- Mel Kiper Jr., Football analyst
Generally speaking, when it comes to NFL rookies, fantasy stardom isn't in the cards.
Cam Newton may have had one of the greatest statistical seasons for a rookie in NFL history in terms of raw fantasy stats in 2011, but if you owned him after a Week 4 loss to the Bears where he threw for 374 yards and ran for two touchdowns, you may have been a little disappointed. Not once after that game did Newton crack the 300-yard mark as a passer, and in seven of the remaining games, he threw one or zero touchdowns. But Newton had tremendous value as a runner, rushing for 10 touchdowns over the final 12 games.
Point being, rookies -- even the best ones -- are where you find value, not the linchpin in a great fantasy team. This season, Newton's average draft position is 17.4. The highest rookie? You can't find one until average pick No. 37, when Trent Richardson of the Cleveland Browns is coming off the board.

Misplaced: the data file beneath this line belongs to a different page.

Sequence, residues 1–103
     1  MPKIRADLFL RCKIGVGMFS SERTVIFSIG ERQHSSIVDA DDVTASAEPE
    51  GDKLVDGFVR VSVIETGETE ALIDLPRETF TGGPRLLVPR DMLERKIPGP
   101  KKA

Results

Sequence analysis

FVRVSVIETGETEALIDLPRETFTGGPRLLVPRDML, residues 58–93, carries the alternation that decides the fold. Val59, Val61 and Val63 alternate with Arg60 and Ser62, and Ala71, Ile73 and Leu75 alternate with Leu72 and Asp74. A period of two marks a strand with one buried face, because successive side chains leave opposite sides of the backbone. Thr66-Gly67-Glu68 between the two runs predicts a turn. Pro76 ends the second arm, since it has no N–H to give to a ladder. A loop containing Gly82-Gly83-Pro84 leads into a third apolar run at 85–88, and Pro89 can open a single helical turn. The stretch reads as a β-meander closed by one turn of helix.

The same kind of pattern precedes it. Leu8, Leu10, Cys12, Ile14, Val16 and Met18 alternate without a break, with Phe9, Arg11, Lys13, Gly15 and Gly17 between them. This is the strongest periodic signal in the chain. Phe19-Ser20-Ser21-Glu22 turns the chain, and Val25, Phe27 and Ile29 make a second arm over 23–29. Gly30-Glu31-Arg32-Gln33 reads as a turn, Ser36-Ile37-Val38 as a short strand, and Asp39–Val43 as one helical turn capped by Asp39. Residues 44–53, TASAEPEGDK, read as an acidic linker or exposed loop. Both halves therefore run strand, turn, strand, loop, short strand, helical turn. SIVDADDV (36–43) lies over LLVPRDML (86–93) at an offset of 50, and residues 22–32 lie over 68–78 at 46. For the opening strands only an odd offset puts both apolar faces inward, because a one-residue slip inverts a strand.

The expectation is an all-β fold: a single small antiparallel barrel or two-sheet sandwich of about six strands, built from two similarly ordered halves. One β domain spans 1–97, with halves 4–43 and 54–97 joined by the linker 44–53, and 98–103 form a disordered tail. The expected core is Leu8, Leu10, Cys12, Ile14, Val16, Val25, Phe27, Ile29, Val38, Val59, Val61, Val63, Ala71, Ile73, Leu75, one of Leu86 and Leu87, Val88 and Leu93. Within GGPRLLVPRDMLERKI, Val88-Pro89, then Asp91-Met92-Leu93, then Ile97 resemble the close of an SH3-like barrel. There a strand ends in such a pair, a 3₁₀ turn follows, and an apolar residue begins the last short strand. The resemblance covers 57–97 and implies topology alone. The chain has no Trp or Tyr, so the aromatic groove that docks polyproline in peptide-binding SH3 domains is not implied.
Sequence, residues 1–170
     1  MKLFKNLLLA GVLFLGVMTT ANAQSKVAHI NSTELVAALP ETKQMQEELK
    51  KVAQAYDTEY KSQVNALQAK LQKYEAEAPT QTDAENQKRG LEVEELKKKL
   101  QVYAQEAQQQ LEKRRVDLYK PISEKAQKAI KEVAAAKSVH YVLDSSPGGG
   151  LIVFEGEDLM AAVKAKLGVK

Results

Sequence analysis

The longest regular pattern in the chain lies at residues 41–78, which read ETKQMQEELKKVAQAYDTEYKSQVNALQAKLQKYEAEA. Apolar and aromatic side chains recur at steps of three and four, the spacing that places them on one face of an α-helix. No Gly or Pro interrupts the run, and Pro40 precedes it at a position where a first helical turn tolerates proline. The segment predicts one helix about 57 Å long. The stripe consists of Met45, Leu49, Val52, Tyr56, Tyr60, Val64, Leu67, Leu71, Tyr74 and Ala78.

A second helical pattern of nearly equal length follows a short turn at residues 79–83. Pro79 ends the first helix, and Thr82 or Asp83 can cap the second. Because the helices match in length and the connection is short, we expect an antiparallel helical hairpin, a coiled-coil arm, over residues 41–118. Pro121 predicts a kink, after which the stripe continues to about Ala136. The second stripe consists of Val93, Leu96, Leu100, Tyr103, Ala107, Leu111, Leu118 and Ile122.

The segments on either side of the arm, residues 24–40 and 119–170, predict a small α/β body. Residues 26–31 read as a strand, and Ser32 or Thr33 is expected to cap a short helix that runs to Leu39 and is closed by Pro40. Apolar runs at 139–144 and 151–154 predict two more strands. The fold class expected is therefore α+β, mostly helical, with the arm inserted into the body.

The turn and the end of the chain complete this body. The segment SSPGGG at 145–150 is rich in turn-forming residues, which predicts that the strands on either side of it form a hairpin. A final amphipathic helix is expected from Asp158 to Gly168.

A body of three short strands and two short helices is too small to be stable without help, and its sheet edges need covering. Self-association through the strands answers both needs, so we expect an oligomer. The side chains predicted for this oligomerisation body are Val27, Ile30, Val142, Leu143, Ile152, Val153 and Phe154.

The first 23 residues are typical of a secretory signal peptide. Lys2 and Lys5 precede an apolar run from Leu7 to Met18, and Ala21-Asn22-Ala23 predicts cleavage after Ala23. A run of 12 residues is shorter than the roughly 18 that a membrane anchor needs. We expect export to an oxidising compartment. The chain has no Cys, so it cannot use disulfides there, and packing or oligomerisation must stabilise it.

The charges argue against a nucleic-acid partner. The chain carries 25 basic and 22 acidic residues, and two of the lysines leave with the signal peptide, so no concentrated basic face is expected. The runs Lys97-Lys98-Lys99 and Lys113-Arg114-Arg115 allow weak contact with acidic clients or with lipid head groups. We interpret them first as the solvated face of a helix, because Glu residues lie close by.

For this exercise, I'll mix obvious choices, guys I suspect may create some value and sleepers. I'll also point out some why-not cases, in which I'd advise you to stay away and not buy into the hype.
QB Andrew Luck: In ESPN leagues, Luck is, on average, the No. 16 quarterback off the board, just behind Jay Cutler and just ahead of Alex Smith. This might sound optimistic, but I can see Luck putting up pretty significant totals (3,600-4,000 yards). He is going to look remarkably comfortable and familiar in Bruce Arians' offense right out of the gate -- the Colts did great work in the draft to find some weapons for Luck -- and the Colts will be playing from behind a lot this season. I don't think it's merely hype that has him being drafted higher than plenty of more established starters.
12mMarc Stein and Ramona Shelburne
9hMarc Stein and Tim MacMahon
17hMarc Stein and Calvin Watkins